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China snaps up Australian, French wheat as crop damage spurs buying spree

SINGAPORE/BEIJING: China is set to import record volumes of wheat this year, trading sources say, with rain damage to its crop and worries over dry weather in exporting nations fuelling Beijing’s appetite to buy while prices are low.

Traders said China’s frantic buying is likely to support global prices, which have dropped more than a quarter this year – based on the Chicago futures benchmark price – amid abundant supplies from top exporter Russia.

The world’s biggest wheat producer and consumer, China bought around 2 million metric tons of new-crop Australian wheat in October, for shipments starting in December, trading sources told Reuters. It has also booked about 2.5 million metric tons of French wheat since September, for December-March shipment, they said, noting these were unusually large volumes for this time of year.

Overall, China’s 2023 imports are likely to reach around 12 million tons, two Singapore-based traders said, topping 2022’s record 9.96 million tons, and the avid buying is expected to continue into 2024.

“China has had problems with crop quality this year and Australia, which is the main wheat supplier to China, is going to have a much smaller crop,” said one of the Singapore traders, who is at an international company which sells wheat to China.

“They are buying as much as they can and as early as possible. Supplies are going to eventually tighten, especially from Australia,” the trader said.

China has said its wheat crop shrank 0.9 per cent this year to 134.5 million tons, the first decline in seven years despite expanded acreage, after heavy rain battered mature grain in the key central growing region just before the harvest.

Beijing has not provided a crop quality assessment.

However, according to estimates by the two Singapore traders and one dealer in Sydney, around 25 million tons or about 20 per cent of China’s harvest this year was damaged by rains. Some of that rain-damaged wheat will only be fit for animal feed or for blending with higher-quality imported wheat before being milled into flour.

China’s agriculture ministry did not immediately respond to a request for comment.

The world’s biggest hog producer, China’s Muyuan Foods has benefitted from the availability of rain damaged wheat. Muyuan told investors on Friday that purchases of germinated wheat, which occurs when mature plants get wet and can no longer be used for milling, contributed significantly to lowering production costs.

“Australia has the opportunity to fill the quality gap that China is currently suffering, particularly for high protein milling wheat,” said Stefan Meyer, a grains broker at StoneX in Sydney.

While wheat output in Australia, the world’s second-largest exporter, is forecast to drop to 26 million metric tons, down from last season’s record 39.7 million tons, due to dryness from the El Nino weather pattern, the quality is better this year as dry weather results in higher protein content.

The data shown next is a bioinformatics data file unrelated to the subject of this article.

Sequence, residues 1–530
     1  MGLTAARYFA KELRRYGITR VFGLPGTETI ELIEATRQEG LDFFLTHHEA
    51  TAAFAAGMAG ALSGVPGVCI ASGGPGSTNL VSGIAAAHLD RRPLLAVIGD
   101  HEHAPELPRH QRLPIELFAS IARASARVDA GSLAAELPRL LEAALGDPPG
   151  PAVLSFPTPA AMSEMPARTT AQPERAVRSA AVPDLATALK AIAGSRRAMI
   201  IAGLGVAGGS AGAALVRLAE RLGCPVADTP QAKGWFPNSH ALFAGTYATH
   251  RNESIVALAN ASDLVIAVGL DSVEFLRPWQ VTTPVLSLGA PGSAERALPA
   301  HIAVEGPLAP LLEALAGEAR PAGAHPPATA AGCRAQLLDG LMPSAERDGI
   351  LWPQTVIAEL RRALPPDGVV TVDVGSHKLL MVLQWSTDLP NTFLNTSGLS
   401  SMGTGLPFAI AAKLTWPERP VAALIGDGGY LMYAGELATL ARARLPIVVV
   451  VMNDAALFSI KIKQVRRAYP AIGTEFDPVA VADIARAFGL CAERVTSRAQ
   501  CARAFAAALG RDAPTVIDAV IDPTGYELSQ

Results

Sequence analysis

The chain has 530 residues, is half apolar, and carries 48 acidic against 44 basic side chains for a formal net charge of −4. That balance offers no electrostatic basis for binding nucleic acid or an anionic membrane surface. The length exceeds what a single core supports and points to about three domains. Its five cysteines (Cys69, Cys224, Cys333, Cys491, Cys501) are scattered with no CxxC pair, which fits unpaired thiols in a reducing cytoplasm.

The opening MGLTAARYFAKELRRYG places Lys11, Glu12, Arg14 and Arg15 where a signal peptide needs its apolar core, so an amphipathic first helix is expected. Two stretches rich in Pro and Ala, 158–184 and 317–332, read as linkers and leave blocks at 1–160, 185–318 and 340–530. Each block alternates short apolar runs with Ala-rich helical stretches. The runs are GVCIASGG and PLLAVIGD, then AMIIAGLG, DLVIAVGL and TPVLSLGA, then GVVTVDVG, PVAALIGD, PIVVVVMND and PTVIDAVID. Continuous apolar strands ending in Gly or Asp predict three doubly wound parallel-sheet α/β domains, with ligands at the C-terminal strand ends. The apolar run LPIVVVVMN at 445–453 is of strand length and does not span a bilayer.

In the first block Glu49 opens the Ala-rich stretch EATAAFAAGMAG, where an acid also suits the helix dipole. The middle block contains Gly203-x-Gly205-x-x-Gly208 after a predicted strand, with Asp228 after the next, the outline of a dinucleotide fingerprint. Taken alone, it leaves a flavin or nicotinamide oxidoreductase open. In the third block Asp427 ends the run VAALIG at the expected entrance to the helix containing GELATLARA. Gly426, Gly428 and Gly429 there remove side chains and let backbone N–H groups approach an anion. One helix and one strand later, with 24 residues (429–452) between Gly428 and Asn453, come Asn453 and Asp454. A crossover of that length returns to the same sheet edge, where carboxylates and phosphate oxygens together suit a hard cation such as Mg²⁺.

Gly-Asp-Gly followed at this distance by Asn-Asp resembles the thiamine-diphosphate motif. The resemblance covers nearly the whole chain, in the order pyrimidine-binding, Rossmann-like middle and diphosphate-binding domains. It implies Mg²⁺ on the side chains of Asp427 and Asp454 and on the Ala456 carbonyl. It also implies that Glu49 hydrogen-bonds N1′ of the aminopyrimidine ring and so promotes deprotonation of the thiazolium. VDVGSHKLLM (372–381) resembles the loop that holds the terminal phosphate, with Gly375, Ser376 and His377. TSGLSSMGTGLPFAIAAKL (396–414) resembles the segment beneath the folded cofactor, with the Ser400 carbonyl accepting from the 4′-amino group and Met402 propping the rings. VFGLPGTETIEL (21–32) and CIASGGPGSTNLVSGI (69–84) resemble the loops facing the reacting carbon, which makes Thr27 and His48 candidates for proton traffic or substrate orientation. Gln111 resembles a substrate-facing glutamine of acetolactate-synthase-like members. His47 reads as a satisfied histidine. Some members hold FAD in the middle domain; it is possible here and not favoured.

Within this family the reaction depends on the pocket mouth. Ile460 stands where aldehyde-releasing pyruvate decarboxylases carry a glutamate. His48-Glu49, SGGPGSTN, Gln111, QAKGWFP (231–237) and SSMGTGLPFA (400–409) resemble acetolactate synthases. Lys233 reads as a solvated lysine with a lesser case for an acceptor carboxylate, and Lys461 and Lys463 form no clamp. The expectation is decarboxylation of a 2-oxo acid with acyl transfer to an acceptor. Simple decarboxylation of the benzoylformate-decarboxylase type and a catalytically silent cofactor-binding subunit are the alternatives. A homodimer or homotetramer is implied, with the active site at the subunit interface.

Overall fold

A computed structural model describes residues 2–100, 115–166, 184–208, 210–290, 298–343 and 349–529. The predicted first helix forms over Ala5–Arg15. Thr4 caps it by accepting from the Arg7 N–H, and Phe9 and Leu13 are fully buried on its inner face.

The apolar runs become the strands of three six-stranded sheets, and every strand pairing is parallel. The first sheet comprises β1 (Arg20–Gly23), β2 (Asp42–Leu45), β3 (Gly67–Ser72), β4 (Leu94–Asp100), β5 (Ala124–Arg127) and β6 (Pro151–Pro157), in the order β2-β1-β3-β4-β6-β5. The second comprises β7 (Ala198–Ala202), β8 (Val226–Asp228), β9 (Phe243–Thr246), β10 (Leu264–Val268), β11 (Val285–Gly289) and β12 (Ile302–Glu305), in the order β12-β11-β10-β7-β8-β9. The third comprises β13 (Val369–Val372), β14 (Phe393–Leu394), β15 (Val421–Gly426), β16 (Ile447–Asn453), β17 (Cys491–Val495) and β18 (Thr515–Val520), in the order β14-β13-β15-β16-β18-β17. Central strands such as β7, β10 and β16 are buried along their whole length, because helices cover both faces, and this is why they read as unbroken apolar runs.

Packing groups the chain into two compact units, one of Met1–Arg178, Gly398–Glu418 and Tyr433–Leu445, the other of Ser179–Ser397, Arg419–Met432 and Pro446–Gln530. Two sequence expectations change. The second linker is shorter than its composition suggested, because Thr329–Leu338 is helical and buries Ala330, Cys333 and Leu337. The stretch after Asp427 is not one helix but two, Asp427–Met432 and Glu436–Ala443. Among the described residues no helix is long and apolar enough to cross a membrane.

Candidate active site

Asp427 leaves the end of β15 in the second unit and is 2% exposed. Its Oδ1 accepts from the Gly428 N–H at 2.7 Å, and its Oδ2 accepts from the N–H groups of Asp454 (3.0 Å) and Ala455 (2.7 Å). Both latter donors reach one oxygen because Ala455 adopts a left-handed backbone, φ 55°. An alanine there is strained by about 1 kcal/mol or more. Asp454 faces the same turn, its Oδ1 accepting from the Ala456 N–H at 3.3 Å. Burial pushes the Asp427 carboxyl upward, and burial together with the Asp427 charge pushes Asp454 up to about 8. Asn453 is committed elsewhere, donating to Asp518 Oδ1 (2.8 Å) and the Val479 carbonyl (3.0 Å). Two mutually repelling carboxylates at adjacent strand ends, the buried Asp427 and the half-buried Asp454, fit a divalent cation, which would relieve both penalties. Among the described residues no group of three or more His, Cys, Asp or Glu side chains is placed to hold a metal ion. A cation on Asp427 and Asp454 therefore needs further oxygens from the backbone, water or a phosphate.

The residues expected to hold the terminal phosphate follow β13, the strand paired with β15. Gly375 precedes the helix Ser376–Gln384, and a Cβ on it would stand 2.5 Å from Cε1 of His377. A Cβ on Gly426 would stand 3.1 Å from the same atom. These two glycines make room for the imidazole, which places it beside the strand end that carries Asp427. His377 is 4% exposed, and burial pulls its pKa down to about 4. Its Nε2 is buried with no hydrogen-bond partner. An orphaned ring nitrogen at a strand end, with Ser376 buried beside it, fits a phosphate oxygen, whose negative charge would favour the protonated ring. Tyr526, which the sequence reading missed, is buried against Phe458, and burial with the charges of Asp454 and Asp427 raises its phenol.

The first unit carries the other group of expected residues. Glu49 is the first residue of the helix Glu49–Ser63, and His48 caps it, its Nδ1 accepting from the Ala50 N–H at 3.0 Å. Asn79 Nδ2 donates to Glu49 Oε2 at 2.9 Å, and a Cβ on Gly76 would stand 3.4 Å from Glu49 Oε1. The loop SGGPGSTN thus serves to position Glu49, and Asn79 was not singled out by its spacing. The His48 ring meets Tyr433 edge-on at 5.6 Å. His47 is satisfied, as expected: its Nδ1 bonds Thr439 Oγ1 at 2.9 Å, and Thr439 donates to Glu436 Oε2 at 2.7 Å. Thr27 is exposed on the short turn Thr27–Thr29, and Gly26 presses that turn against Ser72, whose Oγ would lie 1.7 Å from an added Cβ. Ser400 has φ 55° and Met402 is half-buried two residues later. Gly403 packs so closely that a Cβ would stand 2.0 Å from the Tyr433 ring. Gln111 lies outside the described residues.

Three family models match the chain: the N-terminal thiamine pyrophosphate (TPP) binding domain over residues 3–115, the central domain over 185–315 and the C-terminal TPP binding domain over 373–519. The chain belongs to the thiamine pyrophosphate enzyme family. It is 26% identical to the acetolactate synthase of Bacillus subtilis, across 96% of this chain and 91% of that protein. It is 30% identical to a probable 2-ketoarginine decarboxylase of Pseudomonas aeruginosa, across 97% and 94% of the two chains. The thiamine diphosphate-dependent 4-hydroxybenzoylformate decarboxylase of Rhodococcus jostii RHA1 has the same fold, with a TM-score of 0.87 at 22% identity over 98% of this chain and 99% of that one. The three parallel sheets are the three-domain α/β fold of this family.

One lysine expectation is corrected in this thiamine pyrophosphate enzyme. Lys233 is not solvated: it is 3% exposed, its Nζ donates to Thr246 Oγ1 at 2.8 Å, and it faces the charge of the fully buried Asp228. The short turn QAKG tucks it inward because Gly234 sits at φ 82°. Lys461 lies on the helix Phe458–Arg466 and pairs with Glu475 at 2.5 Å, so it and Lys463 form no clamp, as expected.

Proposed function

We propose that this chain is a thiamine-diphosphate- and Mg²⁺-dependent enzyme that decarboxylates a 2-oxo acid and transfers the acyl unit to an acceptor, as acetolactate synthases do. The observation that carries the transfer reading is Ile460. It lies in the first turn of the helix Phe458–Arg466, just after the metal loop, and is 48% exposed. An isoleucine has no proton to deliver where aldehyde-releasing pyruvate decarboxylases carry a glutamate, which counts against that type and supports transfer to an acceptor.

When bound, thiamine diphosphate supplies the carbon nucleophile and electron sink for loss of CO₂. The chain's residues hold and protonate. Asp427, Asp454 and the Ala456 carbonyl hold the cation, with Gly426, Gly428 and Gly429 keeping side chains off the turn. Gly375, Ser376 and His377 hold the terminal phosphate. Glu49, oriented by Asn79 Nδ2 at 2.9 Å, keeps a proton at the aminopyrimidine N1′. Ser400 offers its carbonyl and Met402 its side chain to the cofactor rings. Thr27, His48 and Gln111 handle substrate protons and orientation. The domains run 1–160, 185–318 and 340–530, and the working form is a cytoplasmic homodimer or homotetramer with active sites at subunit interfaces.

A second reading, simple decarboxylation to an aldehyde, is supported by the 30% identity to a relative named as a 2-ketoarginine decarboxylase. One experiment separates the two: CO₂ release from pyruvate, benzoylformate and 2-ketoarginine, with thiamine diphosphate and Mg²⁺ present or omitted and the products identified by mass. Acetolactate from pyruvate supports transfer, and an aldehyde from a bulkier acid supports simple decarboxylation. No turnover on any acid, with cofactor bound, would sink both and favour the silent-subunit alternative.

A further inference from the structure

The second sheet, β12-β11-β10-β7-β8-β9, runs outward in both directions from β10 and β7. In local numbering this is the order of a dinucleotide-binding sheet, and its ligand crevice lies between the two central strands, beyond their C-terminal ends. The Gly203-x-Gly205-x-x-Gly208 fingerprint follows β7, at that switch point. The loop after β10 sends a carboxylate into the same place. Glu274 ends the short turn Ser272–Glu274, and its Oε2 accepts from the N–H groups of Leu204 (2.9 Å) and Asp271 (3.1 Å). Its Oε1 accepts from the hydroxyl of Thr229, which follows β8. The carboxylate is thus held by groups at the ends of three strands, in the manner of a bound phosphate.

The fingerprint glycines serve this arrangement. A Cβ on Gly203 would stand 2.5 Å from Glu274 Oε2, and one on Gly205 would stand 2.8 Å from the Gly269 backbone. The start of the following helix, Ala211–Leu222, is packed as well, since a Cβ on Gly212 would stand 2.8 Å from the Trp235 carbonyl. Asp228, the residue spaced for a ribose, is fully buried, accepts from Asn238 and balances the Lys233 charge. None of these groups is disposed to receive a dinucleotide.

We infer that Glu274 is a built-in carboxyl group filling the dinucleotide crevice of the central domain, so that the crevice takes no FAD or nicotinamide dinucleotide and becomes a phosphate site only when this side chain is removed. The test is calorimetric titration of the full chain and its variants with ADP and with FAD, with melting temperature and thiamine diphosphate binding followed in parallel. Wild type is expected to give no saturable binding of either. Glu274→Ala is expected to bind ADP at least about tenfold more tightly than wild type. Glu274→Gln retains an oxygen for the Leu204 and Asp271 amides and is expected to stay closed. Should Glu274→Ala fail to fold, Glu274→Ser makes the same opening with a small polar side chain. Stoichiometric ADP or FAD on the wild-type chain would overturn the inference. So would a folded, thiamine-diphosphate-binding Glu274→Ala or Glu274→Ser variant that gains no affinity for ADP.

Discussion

Ma Wenfeng, senior analyst at Beijing Orient Agribusiness Consultancy, said a lower share of China’s wheat harvest – about 20 million tons – was unsuitable for high-quality milling, although a portion of it can be used after cleaning.

Ma and others in China said attractive prices were a bigger driver of China’s imports.

“Price is the main reason – it’s really cheap,” said Rosa Wang, analyst at Shanghai JC Intelligence Co Ltd, adding that

China was probably looking at the mounting weather risks in top exporting countries and “making preparations” for next year.


China’s January-September wheat imports jumped 53.6 per cent to 10.17 million metric tons, customs data showed, including 6.4 million tons from Australia and 1.8 million tons from Canada. Those figures don’t reflect orders made for future delivery, such as recent purchases of U.S. soft red winter wheat.

Unlike other commodities, China’s imports of Australian wheat were largely unaffected by the bilateral tensions between the two governments in recent years. Indeed, those tensions have eased in recent months.

Beijing’s heavy buying from Australia could force rival importers such as Indonesia and Japan to seek alternatives from North America and the Black Sea region, traders said.

Chinese wheat purchases have stabilised global wheat prices, one of the Singapore traders said.

“But we expect prices to rise going forward, when China starts taking more volumes of higher quality wheat from the US as Australian supplies are going to tighten,” the trader said.

Given lower output in Australia, traders and analysts said China is likely to import significantly higher volumes of French wheat in the coming months.

“With the US having a slightly larger spring wheat crop, a type of wheat that can very much act as an ‘improver’ supply for many importers, we would not be surprised to see China seek some US and maybe Canadian Spring wheat,” said Jeffrey McPike, a US analyst with brokerage WASDEA Commodities.

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